Galapagos makes a new(born) splash in industry

Galapagos: Mendel's Escape
Genre
Reviewed On
PC
Available For
PC
Difficulty
Very Hard
Publisher(s)
Developer(s)
ESRB
ESRB
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Imagine guiding a newborn baby through a deadly maze of lava pits, toxic clouds and spinning laser turrets. You can’t actually touch the child, but he has the capacity to learn from his mistakes. Such is the fun and often highly frustrating world of Anark Software’s Galapagos.

Players are charged with guiding a newly born metal bug named Mendel in his attempts to escape the evil workshop that created him. (The plot is a little thin but that’s not where this game’s strength is at.)

When Mendel is born his mind is as blank as a political candidate on the hot seat. But unlike politicians, Mendel has the capacity to learn from his mistakes. He is equipped with an artificial intelligence that fortunately transfers from a dying bug to its newly regenerated form. So if Mendel falls off a cliff to his doom, he is less likely to make the same mistake in the next life. It’s no journey of The Beagle, but the evolution of subsequent Mendels is interesting to experience.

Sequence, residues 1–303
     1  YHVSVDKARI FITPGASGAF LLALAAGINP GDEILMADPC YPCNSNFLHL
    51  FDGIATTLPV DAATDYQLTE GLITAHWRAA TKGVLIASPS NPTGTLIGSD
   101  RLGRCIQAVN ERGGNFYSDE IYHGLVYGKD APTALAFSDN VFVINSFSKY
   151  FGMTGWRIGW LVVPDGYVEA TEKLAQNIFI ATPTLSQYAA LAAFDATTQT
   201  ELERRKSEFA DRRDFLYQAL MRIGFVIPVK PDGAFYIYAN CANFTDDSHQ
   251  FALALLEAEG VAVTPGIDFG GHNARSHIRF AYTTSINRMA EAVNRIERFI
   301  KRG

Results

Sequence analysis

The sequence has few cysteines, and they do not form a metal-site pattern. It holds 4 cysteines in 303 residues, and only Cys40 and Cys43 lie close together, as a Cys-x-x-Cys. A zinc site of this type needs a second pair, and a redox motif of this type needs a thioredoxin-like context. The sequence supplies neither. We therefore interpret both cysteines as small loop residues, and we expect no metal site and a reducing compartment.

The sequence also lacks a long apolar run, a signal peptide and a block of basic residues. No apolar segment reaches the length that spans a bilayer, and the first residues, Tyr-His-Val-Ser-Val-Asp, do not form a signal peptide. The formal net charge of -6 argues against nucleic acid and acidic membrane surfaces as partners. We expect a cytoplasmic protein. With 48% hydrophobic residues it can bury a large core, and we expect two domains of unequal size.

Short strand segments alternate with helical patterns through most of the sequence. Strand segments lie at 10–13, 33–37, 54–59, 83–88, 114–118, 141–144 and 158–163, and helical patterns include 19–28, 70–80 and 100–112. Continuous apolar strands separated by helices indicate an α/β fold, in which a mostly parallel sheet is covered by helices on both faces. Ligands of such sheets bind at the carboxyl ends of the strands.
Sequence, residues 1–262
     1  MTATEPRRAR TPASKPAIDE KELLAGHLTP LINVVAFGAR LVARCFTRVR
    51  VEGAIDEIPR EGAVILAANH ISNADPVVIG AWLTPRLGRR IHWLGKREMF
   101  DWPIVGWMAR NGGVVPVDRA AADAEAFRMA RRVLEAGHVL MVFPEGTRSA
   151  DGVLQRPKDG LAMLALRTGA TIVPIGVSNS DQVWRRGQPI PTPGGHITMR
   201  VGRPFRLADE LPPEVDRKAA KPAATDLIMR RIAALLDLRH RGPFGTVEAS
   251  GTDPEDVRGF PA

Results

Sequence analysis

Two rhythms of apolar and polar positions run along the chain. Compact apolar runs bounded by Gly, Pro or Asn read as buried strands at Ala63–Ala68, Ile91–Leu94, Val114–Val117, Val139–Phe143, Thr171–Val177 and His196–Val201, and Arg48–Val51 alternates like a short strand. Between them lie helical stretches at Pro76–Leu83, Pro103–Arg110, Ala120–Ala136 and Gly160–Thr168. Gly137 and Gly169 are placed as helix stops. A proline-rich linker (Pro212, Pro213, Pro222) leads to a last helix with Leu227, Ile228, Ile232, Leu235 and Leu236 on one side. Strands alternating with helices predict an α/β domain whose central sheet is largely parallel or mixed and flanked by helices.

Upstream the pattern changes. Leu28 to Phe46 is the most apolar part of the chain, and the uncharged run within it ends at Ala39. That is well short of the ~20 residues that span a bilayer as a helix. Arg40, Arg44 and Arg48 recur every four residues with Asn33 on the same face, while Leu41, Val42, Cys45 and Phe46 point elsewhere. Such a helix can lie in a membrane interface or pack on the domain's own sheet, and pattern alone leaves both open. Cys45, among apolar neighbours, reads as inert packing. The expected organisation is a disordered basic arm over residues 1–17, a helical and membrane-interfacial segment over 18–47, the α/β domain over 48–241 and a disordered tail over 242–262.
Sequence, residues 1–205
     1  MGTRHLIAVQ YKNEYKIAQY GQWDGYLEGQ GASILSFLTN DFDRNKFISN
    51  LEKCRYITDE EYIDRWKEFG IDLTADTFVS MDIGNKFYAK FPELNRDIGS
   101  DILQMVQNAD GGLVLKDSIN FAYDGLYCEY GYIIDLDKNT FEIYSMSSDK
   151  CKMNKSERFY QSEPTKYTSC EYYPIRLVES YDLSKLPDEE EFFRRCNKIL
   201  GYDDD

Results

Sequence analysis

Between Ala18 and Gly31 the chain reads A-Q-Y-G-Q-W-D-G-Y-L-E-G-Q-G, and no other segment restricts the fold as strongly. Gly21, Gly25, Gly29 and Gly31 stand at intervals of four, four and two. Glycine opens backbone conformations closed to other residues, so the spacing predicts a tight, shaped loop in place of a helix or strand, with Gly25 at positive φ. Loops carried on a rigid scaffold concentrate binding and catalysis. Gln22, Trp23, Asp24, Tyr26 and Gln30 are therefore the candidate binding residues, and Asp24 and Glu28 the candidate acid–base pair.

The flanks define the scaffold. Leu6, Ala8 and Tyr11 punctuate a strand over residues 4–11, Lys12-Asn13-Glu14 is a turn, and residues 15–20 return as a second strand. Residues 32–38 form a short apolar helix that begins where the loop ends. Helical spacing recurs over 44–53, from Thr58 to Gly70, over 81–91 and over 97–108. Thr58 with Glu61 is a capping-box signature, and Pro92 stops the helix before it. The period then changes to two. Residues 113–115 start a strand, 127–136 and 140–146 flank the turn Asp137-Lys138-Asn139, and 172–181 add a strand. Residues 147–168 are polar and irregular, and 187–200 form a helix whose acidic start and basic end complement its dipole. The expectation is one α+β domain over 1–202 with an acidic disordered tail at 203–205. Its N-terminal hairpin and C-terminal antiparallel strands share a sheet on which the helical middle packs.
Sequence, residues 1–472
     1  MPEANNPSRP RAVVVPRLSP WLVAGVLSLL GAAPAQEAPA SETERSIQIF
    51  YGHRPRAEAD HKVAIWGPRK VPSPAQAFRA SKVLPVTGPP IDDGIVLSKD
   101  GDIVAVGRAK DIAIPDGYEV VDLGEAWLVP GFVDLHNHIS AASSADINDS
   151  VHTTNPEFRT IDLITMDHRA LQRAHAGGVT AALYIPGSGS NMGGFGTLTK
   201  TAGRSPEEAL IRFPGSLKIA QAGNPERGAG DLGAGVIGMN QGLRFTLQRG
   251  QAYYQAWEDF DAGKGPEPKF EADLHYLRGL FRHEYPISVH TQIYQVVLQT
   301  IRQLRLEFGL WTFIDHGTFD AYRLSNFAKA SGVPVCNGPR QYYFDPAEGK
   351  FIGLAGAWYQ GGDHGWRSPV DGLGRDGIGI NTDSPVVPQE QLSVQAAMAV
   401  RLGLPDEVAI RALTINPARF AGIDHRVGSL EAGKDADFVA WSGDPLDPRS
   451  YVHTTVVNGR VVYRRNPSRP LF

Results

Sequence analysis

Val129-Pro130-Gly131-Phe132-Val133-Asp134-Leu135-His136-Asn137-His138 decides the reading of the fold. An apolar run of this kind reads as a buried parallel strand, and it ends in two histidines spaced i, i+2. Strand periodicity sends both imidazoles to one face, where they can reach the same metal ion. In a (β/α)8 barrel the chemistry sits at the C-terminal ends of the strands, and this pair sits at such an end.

Players don’t actually control Mendel. Once he learns how to walk, he begins to explore his surroundings on his own. Players follow along via a camera that swoops around and stays close-by. You can coax Mendel in a direction by clicking on shield barriers or moving obstacles out of his way. But just clearing a path is no guarantee that Mendel will follow. Sometimes the stubborn bug will decide to walk in circles or go the wrong way. Letting him get killed is at times the only way to teach him which way is correct. But be warned, kill him too much and he will become neurotic and refuse to move at all or run off in random directions trying to escape your clutches. Darn prima donna bugs.

Some people will revel in the chance to build a symbiotic relationship with a new life form, becoming a teacher and surrogate parent. Others will curse the monitor as Mendel defies logic and trumps off in his own direction against your will. In any case, the artificial intelligence of this little bug could be a road map of what’s to come. It’s a possible evolution revolution.

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